Harold & Maude: The Musical

Paper Mill Playhouse - Millburn, NJ - January 2005

Review by John Kenrick

Harold & Made at 
        Paper Mill (15341 bytes)Lots of people complain that there aren't enough new intelligent musicals out there. If you want to know why that is, just try putting one together.

While en route to Paper Mill's world premiere production of Harold & Maude: The Musical, a theatre-loving friend and I realized that, for the first time in several years, we were seeing a fully staged musical that neither of us had heard a note of before. Between us, we get so many demo recordings and attend so many workshops that it is rare indeed to encounter something entirely new. Harold & Maude is not just new -- it has some genuine charm. It also has major problems, and like most new musicals will need extensive work before it can live up to its potential.

Many are familiar with the film Harold & Maude, a dark comedy that critics originally panned back in 1972. It is the story of a 20 year old college drop out obsessed with suicide falling in love with a 79 year old woman who's obsession with living leads her to suicide is -- not everyone's cup of tea, but thanks to a sensitive screenplay by Colin Higgins and a sparkling performance by Ruth Gordon, this film eventually became a cult classic.

There is no reason why this offbeat material could not be adapted for the musical stage, but it would take very special treatment to make it work. Its hard to think of more qualified hands than those of Tom Jones, who's lyrics and libretti for The Fantasticks and 110 in the Shade prove him a master at adapting challenging source material. He's made many of the right choices here, trusting the original film and leaving the darker tones intact. With composer Joseph Thalken, he has also crafted several fine musical scenes with real theatrical impact. However, it takes far too long for viewers to emotionally connect with the title characters. Late in the first act, when Harold and Maude announce that they are starting to like each other, the audience cannot help feeling left out.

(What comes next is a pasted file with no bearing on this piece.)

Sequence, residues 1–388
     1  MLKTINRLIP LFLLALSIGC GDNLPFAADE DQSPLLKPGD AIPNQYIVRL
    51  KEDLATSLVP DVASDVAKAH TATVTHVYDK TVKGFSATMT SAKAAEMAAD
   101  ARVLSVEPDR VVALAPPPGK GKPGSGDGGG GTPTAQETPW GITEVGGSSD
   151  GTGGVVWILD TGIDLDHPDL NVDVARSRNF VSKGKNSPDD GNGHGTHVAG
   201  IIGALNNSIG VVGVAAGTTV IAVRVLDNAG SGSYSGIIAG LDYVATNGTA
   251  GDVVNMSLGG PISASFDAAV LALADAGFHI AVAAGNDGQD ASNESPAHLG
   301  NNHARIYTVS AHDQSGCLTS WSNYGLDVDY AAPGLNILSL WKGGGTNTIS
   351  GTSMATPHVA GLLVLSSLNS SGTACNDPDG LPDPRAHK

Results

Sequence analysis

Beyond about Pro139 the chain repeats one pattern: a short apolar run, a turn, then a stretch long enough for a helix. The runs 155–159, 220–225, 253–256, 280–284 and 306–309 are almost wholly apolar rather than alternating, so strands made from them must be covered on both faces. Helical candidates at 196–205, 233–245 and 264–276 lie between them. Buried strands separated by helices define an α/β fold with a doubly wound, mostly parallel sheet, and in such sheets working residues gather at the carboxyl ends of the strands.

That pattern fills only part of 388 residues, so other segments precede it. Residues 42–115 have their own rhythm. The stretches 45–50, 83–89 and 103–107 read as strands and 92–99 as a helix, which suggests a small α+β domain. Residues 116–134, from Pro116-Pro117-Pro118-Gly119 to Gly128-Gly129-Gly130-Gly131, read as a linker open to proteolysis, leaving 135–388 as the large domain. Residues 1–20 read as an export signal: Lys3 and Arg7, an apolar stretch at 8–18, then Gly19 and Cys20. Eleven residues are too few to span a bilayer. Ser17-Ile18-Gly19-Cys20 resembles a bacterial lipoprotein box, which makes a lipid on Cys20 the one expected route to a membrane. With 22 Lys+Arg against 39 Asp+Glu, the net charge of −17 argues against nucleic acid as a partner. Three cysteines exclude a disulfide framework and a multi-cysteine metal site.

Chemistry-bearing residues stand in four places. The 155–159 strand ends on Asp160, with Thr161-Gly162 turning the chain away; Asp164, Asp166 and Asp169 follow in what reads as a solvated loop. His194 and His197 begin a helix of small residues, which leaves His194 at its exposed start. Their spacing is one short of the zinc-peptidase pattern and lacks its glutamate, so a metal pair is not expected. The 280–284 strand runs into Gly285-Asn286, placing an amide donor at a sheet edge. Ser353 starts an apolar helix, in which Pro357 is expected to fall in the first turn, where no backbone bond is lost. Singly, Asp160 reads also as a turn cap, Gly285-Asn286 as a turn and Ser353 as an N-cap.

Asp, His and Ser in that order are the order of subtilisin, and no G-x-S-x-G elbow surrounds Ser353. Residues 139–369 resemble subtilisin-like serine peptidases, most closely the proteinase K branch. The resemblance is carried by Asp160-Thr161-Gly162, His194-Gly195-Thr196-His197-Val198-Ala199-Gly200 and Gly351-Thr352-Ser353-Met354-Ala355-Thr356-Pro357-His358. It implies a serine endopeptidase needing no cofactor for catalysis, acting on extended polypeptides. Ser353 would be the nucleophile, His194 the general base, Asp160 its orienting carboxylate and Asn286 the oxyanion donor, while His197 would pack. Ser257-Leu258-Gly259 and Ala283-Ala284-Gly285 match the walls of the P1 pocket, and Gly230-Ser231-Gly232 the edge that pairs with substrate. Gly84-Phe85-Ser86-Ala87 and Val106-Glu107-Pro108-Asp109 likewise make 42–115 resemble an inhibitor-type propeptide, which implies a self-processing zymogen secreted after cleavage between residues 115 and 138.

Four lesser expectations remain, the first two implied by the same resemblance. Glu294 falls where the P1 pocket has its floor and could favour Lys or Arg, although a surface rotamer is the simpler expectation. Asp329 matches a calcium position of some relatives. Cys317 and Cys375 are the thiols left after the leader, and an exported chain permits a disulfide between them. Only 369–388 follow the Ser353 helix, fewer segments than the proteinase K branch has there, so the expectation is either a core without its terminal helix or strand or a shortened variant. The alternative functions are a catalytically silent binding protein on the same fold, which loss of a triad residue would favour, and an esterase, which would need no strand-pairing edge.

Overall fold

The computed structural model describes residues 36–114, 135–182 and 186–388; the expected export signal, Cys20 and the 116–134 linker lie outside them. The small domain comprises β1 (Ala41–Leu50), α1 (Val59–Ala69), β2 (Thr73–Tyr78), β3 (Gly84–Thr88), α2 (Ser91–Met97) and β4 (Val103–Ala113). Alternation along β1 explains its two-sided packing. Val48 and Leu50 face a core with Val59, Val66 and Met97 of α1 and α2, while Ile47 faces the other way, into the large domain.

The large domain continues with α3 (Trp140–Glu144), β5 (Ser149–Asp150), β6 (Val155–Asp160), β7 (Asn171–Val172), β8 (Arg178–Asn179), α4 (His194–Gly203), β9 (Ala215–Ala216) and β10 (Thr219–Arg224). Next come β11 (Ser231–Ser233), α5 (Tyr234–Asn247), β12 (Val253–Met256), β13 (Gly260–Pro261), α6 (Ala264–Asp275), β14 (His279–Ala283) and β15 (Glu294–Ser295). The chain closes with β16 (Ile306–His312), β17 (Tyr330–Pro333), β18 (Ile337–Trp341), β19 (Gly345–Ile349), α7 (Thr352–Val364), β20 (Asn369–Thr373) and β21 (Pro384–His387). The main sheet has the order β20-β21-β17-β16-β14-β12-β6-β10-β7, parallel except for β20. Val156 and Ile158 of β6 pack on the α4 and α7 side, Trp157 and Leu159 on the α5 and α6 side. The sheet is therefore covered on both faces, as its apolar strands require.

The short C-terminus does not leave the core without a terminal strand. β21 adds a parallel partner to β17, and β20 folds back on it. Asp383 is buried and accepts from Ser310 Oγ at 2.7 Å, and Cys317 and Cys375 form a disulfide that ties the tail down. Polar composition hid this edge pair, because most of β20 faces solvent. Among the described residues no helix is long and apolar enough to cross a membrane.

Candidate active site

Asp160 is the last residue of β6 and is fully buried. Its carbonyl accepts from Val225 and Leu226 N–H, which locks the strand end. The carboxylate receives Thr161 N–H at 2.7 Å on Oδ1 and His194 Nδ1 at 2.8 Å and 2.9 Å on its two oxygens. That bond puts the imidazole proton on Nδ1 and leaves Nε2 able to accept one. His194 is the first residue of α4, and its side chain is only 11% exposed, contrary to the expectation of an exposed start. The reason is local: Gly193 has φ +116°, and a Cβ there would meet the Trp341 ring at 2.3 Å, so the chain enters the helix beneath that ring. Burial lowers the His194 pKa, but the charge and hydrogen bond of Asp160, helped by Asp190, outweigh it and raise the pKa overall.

In the second act, as Maude offers young Harold a decidedly unorthodox music lesson in the appealing "Song in My Pocket," we finally get a direct dose of the charm hiding in both of these lonely souls. Why keep all this bottled up until then? Musicals can allow audiences into a character's very soul with every song. If the authors want to see this show enjoy the life it deserves, they have to make the charms of these two bizarre personalities shine through far earlier. It could be done if Harold and Maude sang about what is in their hearts rather than spouting abstract ideas about "The Road Leas Traveled," etc. And it is never a good sign when characters in a musical spend the better part of the evening on their butts -- too much sitting has a deadening effect on audiences.

No one could fault Mark Hoebee's superb production -- except perhaps for that witless new critic at the NY Times who thinks regurgitating postings from the internet's All That Chat site constitutes original journalistic criticism. Hoebee gives this material a fresh, stylish staging, allowing us to judge the writing on its own terms. Rob Odorisio's sets and Miguel Angel Huidor's costumes strike just the right quirky notes, as does John Paul Szczepanski's lighting. As a rule, I cringe at the use of projections on stage, but Ruppert Bohle caught me off guard with his entertaining designs -- in particular, an ingenious car ride effect. Broadway veteran David Loud's musical direction was flawless, no small accomplishment with new material.

I cannot imagine a finer cast to show this or any new musical off to its best advantage. Donna Lynne Champlin and Danny Burstein handle a series of smaller comic roles with élan -- and Mr. Burstein gets special kudos for contending with a truly unnecessary turn as Harold's scatological psychiatrist. The glorious Donna English, who never fails to delight in any performance at any time, does her best in the extremely unsympathetic role of Harold's self-centered suburban mother. Here is a character in desperate need of deeper material -- why do the authors give us a surface stereotype when they could let us inside to see how this mamma ticks? (It's a short show guys -- bring her to life!)

As the troubled Harold, Eric Millegan delivers the perfect blend of vulnerability and Addams Family macabre, with some fine vocal equipment to boot. Of course, Estelle Parsons is only one of the most radiant talents on the American stage today. She brings Maude to life with every eccentricity in its radiant place, generating warmth and light even in places where the writers have given her little to work with. If these two cannot make material fly, then it is the material that is earthbound.

Three cheers to Paper Mill for having the guts to give this spanking new musical such a first class, flawlessly cast production. Years of serious effort have gone into Harold & Maude: The Musical -- but it will take a bit more time and energy before this promising show qualifies as the lively theatre experience it clearly aspires to be. Those lively souls who are interested in seeing a new stage work in progress will find Paper Mill's ambitious production worth a visit. The unadventurous would be better advised to play it safe and make yet another reservation to see The Lion King.

This production ran through Feb. 6, 2005.

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